2 December 2021
It’s the time of year with the shortest amount of daylight and those gray snow clouds don’t help at all. It’s also the time for some indoor blooms. Here are some of the more popular items that you can get for a host/hostess gift or just to place around your own home.
It is hard to shop anywhere without seeing a display of Poinsettias ready for sale. Once only available in red, there are now over 100 varieties on the market including white, pink, yellow, and purple. They come in lots of sizes and the price varies.
How to buy: Choose a plant that has little yellow flowers in the center of the colored leaves. If the yellow flowers have dropped off, or it is shedding pollen, find another plant because this one won’t make it through to January.
When you check out and pay, if the weather is cold, windy, or precipitating, ask that the top of the plant be covered with plastic bags to prevent damage. Don’t leave it in the car for any appreciable amount of time if the temperature is below freezing. In fact, that is good advice for any plant.
Care: At home, remove the foil or poke holes in it for drainage and place it in a sunny window or the brightest area of the room. The ideal temperature is 65 to 75 daytime and 60 to 65 at night. Don’t let them touch cold window panes and move them away from drafty windows or close the blinds or curtains. Above 75 will shorten the bloom period and below 50 can cause root rot.
The most difficult part of poinsettia care is the watering. They don’t like to have wet feet or get too dry. That means you check the soil daily by using a probe or simply sticking your finger in the dirt about half an inch. If it is dry, water it with lukewarm water until it runs out the drainage holes at the bottom. Discard the drainage water and return the plant to its window.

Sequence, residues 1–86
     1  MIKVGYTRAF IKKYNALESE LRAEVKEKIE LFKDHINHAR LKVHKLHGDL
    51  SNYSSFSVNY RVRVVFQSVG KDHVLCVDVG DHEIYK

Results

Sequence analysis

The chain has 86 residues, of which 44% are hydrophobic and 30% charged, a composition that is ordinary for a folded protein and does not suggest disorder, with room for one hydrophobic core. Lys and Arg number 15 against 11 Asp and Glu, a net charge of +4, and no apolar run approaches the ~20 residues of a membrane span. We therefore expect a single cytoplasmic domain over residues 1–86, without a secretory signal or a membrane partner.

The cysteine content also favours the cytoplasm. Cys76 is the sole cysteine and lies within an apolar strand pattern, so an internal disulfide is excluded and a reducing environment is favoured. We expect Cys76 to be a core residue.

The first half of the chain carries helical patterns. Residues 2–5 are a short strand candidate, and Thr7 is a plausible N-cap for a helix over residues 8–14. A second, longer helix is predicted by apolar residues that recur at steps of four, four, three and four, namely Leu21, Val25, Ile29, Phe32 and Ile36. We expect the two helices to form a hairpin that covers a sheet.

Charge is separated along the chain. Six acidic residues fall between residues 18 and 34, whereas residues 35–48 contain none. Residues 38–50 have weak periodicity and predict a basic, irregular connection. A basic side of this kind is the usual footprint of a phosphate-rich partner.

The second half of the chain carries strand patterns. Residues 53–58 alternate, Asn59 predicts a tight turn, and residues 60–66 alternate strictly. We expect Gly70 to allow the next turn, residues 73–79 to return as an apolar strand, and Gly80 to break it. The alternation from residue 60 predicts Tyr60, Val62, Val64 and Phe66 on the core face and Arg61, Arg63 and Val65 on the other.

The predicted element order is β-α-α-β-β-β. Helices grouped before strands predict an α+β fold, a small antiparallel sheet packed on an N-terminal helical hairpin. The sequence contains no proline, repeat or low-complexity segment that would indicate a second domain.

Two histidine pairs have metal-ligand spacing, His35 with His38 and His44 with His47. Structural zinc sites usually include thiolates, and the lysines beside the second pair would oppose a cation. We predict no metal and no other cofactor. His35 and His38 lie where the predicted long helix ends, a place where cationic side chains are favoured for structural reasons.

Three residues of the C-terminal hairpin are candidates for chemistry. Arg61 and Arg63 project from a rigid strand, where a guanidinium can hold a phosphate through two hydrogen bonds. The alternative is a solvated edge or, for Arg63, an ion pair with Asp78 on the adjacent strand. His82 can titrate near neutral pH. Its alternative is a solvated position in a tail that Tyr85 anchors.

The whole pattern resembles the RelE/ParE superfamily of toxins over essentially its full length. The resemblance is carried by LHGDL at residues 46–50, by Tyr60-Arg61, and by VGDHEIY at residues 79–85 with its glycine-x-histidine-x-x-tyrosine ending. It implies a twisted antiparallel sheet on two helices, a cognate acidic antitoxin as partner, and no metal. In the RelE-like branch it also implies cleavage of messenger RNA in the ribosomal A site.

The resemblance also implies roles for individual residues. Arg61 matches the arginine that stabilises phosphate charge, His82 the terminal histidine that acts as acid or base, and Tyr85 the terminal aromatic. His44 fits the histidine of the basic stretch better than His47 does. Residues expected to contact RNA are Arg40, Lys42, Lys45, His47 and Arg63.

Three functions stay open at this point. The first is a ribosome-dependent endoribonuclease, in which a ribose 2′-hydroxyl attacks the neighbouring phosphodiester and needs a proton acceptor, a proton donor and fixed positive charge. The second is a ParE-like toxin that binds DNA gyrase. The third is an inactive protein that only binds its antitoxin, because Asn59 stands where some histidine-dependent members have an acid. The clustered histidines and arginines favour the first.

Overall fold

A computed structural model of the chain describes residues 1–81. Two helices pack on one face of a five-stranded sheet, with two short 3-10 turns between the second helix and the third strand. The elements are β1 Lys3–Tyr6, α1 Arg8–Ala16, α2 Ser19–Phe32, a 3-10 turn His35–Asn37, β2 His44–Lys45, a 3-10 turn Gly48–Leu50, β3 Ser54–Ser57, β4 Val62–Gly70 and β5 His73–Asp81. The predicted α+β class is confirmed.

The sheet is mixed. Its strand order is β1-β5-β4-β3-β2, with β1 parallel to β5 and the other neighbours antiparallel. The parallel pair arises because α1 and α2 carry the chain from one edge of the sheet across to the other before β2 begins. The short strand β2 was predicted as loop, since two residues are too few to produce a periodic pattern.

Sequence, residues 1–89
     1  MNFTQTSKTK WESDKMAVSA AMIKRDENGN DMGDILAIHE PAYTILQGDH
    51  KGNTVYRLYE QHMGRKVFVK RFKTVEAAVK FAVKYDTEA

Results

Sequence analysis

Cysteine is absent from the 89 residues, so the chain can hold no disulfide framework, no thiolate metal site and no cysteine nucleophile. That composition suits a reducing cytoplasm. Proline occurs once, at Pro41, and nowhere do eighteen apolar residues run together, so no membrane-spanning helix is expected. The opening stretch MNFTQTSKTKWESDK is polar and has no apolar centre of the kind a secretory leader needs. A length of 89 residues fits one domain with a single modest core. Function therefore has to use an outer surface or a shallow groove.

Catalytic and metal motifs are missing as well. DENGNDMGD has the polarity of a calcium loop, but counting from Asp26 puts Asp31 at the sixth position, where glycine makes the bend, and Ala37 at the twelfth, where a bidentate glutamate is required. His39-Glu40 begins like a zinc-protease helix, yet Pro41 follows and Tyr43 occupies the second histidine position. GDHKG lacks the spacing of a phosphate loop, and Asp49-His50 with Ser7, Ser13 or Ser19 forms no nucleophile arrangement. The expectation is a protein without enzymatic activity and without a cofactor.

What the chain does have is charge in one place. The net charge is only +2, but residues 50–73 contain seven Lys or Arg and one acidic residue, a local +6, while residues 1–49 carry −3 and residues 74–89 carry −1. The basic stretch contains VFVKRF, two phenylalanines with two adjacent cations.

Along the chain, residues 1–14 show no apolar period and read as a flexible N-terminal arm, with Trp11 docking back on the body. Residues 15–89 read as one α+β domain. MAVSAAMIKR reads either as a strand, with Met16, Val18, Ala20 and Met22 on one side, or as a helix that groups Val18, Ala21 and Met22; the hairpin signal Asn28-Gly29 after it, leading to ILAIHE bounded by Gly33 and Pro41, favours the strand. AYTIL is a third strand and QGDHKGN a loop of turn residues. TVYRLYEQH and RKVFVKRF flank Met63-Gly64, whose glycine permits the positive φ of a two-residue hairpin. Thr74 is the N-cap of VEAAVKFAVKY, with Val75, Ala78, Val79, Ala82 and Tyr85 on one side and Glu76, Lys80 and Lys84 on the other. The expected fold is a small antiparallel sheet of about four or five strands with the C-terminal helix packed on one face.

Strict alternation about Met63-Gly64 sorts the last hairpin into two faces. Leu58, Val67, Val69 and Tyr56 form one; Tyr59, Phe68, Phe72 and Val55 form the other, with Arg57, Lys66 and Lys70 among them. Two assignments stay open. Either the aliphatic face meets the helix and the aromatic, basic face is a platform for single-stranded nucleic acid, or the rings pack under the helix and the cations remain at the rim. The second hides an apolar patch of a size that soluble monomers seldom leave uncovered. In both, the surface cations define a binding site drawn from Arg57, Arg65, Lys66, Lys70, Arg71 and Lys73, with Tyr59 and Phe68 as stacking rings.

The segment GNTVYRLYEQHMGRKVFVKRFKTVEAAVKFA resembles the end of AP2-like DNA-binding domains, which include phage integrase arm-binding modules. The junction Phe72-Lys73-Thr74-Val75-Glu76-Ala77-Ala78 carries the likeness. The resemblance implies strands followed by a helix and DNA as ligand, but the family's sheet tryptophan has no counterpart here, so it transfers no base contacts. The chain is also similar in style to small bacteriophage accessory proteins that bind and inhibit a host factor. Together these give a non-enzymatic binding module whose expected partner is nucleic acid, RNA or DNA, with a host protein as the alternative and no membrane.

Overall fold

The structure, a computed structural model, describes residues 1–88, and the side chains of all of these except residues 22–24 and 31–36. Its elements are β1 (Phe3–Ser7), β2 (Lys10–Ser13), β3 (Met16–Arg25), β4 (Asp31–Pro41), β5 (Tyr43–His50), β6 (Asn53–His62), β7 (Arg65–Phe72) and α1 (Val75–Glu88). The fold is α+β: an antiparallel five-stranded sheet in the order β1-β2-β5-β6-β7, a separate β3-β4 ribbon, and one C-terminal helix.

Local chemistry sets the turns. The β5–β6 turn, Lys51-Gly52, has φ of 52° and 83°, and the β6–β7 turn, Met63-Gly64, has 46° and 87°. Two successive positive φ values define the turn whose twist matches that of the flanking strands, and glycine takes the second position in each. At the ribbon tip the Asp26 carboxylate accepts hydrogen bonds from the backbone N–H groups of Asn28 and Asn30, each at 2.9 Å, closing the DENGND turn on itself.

Reblooming: Leave it in its sunny spot. After April 1 remove the colored leaves. Feed it every two weeks with an OTC fertilizer. In September, it goes into a room with absolutely no artificial light, although natural light is okay. In early October move it back to its usual spot and with luck, you will have colored leaves again.
Another popular plant at this time of the year is an amaryllis. It is sold in a lot of places including hardware stores. They come in a box with the bulb and all the “fixins” necessary. To have it bloom at the end of the month, start it in October.
They are fun for kids because they look exotic, especially at this time of the year. The bulbs are easy to handle and plant and grow quickly.
The bulbs can vary in size and the larger ones (as big as a grapefruit) will produce the larger blooms. Of course, it is also more expensive than its smaller siblings. They will produce three or four blooms on a stem that reaches a foot or two. Frequently a second stalk will appear about the time the first stem falters.
Care: It likes tight quarters so the diameter of the pot should be only an inch or two larger than the bulb itself. Suspend the bulb over the pot and add potting soil, being careful to not break the roots. About half of the bulb should be exposed.
This plant likes daytime temps in the 70s and nights in the 60s. Place it in a brightly lit area. Low light will make it limp and will fall over. Turn the pot every day or so to keep it steady. Keep the soil evenly moist, but not overly wet. You can move the plant to a cooler area and out of direct sunlight to keep the flowers longer. They will keep blooming for up to a month.
Reblooming: As the the flowers falter, you can trim them off. That will allow the plant to spend its energy in forming seeds.
After the danger of frost has subsided, move it outside into a shaded area. Eventually you can move it into soil (leaving it in the pot) with dappled shade. Full sun for no more than half a day. Fertilize like you would if it was a houseplant. Before the first frost, bring the plant in its pot indoors to a dark location. Withhold water so the leaves can dry out. Then in October or November you can start all over again.